Labists Starter Kit For Raspberry Pi 4: Everything you need to know

Monday, November 9, 2020

Labists Starter Kit For Raspberry Pi 4: Everything you need to know


Interested in a Labists Starter Kit For Raspberry Pi 4? In this episode, Harley unboxes, assembles and runs through the initial setup wizards for one of these kits.

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For a written transcript, go to Labists Starter Kit for Raspberry Pi 4.

Here's a list of the tools I use.

Music under Creative Commons License By Attribution 4.0 by Kevin MacLeod at
Intro/Exit: "Hot Swing"




Today at the House of Hacks we're going to unbox and setup this Labists Raspberry Pi Starter Kit.

OK, the box it comes in is nice and sturdy, not much to it.

Just kind of your basic box.

We're going to go ahead and open this up.

It's got a couple anti-tamper stickers on it.

And we'll just open this up.

Recently I've had some ideas floating around my head for some projects where it needed a little bit more computing power than what an Arduino supplies but I still wanted to be fairly close to the hardware.

So, of course the Raspberry Pi is a great solution for this.

Having never worked with Raspberry Pis before I didn't have anything and I wanted a starter kit to just get going quickly.

So, I searched on Amazon and found this Labists Starter Kit. It came with pretty high reviews and seemed to be pretty complete. So I went ahead and got one.

It's supposed to have a case and power supply and other miscellaneous things that you need to get started.

It doesn't have a keyboard or monitor, of course, but I have those in plenty.

I went ahead and got one of these. It has 8 GB of RAM and 128 GB SD card and so I thought I'd open this up and show you what it takes to get started.

If we're just meeting, I'm Harley. Welcome. This is the House of Hacks where I make stuff.

Usually out of metal or wood, other kinds of media like that. Sometimes it includes things like Arduinos and Raspberry Pis.


It starts off with a Raspberry Pi Model B. 8 gig of RAM.

That looks like the main box or the main computer.

I have to rip the box and there's the Pi.

They are pretty small little units, aren't they?

It has the connectors on the side. The power supply.

Network. USB. Looks like USB 2 and 3.

And yeah, there's not much to it. Not much bigger than an Arduino.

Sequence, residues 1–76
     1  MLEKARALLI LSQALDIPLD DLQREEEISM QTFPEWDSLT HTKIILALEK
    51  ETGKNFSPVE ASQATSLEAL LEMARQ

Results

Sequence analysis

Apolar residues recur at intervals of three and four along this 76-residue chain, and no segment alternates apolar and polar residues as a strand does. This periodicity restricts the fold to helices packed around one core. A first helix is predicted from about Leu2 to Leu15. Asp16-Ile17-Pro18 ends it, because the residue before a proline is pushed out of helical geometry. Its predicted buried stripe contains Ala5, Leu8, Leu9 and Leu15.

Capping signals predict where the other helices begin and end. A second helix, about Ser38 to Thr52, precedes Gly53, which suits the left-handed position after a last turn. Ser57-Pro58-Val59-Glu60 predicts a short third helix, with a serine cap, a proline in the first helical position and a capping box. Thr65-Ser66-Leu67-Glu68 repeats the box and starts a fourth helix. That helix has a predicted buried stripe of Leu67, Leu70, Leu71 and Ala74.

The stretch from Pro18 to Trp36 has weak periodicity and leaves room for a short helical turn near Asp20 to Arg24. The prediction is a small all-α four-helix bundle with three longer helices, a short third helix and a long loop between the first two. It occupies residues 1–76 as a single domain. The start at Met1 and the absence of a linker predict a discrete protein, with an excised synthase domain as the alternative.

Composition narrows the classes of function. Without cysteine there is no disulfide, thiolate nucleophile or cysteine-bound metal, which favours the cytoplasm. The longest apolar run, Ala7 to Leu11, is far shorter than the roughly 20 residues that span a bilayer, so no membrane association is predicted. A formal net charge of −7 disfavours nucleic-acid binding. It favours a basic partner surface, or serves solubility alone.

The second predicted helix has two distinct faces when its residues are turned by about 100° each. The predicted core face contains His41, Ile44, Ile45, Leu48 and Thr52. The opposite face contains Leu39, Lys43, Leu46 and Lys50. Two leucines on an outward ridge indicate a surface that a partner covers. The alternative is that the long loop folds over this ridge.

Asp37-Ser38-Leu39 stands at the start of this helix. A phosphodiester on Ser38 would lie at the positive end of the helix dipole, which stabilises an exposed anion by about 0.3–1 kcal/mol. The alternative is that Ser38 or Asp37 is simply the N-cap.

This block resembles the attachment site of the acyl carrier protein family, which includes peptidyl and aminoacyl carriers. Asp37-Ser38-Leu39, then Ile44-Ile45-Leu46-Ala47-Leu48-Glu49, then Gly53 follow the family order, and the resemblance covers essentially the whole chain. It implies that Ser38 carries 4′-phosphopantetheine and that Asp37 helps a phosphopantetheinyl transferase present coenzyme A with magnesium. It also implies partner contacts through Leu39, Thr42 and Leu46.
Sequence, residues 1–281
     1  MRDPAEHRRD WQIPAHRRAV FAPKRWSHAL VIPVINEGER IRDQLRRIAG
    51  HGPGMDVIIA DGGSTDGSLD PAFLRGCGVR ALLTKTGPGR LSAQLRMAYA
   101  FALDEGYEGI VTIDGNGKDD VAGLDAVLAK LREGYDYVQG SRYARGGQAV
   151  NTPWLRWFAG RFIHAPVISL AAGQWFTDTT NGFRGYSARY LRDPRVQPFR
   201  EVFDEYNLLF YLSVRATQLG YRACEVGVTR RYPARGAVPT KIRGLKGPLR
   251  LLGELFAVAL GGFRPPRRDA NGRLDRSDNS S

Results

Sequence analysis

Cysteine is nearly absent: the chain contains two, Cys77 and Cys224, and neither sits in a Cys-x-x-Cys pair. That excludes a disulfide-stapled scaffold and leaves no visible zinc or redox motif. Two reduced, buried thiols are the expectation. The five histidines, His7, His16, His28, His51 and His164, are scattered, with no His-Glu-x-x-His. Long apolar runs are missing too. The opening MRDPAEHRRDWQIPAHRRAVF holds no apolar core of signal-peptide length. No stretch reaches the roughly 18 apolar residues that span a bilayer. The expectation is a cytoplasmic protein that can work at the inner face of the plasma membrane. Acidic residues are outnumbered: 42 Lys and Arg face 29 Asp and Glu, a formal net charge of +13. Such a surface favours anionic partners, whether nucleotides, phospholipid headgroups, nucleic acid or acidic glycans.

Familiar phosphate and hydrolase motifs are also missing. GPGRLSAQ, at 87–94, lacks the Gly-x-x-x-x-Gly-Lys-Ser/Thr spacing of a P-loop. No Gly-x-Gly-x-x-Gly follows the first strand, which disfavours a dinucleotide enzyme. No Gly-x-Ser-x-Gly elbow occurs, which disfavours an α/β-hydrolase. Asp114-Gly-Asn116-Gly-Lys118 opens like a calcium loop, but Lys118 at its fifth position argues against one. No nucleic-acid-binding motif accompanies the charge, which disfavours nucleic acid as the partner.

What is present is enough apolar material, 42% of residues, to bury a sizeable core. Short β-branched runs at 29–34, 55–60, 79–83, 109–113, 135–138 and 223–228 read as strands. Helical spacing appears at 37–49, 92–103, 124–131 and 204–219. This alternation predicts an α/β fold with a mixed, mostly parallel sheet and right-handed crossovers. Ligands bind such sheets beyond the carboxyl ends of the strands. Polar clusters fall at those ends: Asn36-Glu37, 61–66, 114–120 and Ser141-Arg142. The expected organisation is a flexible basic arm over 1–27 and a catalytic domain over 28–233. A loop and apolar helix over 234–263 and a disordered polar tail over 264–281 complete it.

Just for size comparisons, there's an Arduino Uno.

It's a little bit bigger but about the same size.

Digging more into the box...

Packing material.

Oh, and inside this box looks like there's some basic instructions and a fairly large piece of paper with multiple language instructions.

We've got a Quick Start Guide.

A power supply... with an on/off switch.

Labists power supply.

We have, looks like a case.

I assume it snaps open somehow. I won't do that on camera but it's got holes for the connectors.

It must go this way. There's the connectors that way and that way.

And interestingly, it looks like it has a 1/4-20 connector on there which I'm guessing they may have it setup for putting a camera on this. That kind of looks like a camera hole. I don't know exactly.

That looks like a hole for a lens on a camera. They might have an aboard board camera you could put on there and then that would be for taking pictures with.

Interesting little concept.

HDMI cable.

This looks like another HDMI cable.

That's definitely HDMI... and that's definitely HDMI.

So, two HDMI cables.

A cute little tiny fan.

I assume that goes in the case.

An SD card that says Raspbian on it. So, I assume it's preloaded with the operating system. That's handy.

I don't recognize that.

I'll have to read the manual for that one.

A little screwdriver for mounting the fan.

Some heat sinks.

And that's it.

So, everything that comes in the box.

Those are the things that are inside the box in this kit. I want to get into the setup of this and see what happens when we turn it on for the first time but before that I do have an exciting announcement.

Those are you that have been around the channel for awhile may have noticed that my uploads this year have been down from previous years.

That's not because I've been slacking off but because I've been working on a new project.

This is a beginner's guide to working with electronics, specifically the Arduino ecosystem.

So, if you've been interested in getting Arduinos into your projects but don't know anywhere to begin, this book is for you.

I talk about three things in it...

Basic electronics. What is a transistor. What is a resistor. Real basic things like that.

And then I talk about how to setup a computer to program an Arduino.

And third, I talk about the basic elements of what goes into an Arduino program and the fundamental programming issues related to that.

If this is something that's interesting to you, I've left a link down below for a mailing list where I'll be announcing when the book is released and also providing a discount code for those that are interested.